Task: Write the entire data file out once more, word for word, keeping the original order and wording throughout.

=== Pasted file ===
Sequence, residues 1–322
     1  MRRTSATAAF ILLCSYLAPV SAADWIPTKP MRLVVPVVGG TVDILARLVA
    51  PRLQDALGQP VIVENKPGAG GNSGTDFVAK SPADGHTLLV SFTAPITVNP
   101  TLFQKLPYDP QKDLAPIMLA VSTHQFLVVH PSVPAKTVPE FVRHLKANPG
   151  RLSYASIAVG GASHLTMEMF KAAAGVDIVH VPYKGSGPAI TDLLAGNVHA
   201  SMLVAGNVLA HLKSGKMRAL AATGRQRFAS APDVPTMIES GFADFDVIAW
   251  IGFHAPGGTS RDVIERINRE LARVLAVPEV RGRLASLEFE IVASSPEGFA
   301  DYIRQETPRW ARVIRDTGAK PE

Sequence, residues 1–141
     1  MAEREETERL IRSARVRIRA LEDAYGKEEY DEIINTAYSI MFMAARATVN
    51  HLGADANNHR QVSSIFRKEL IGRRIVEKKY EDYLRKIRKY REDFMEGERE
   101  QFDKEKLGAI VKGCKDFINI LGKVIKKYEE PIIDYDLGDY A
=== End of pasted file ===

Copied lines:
Sequence, residues 1–322
     1  MRRTSATAAF ILLCSYLAPV SAADWIPTKP MRLVVPVVGG TVDILARLVA
    51  PRLQDALGQP VIVENKPGAG GNSGTDFVAK SPADGHTLLV SFTAPITVNP
   101  TLFQKLPYDP QKDLAPIMLA VSTHQFLVVH PSVPAKTVPE FVRHLKANPG
   151  RLSYASIAVG GASHLTMEMF KAAAGVDIVH VPYKGSGPAI TDLLAGNVHA
   201  SMLVAGNVLA HLKSGKMRAL AATGRQRFAS APDVPTMIES GFADFDVIAW
   251  IGFHAPGGTS RDVIERINRE LARVLAVPEV RGRLASLEFE IVASSPEGFA
   301  DYIRQETPRW ARVIRDTGAK PE

Sequence, residues 1–141
     1  MAEREETERL IRSARVRIRA LEDAYGKEEY DEIINTAYSI MFMAARATVN
    51  HLGADANNHR QVSSIFRKEL IGRRIVEKKY EDYLRKIRKY REDFMEGERE
   101  QFDKEKLGAI VKGCKDFINI LGKVIKKYEE PIIDYDLGDY A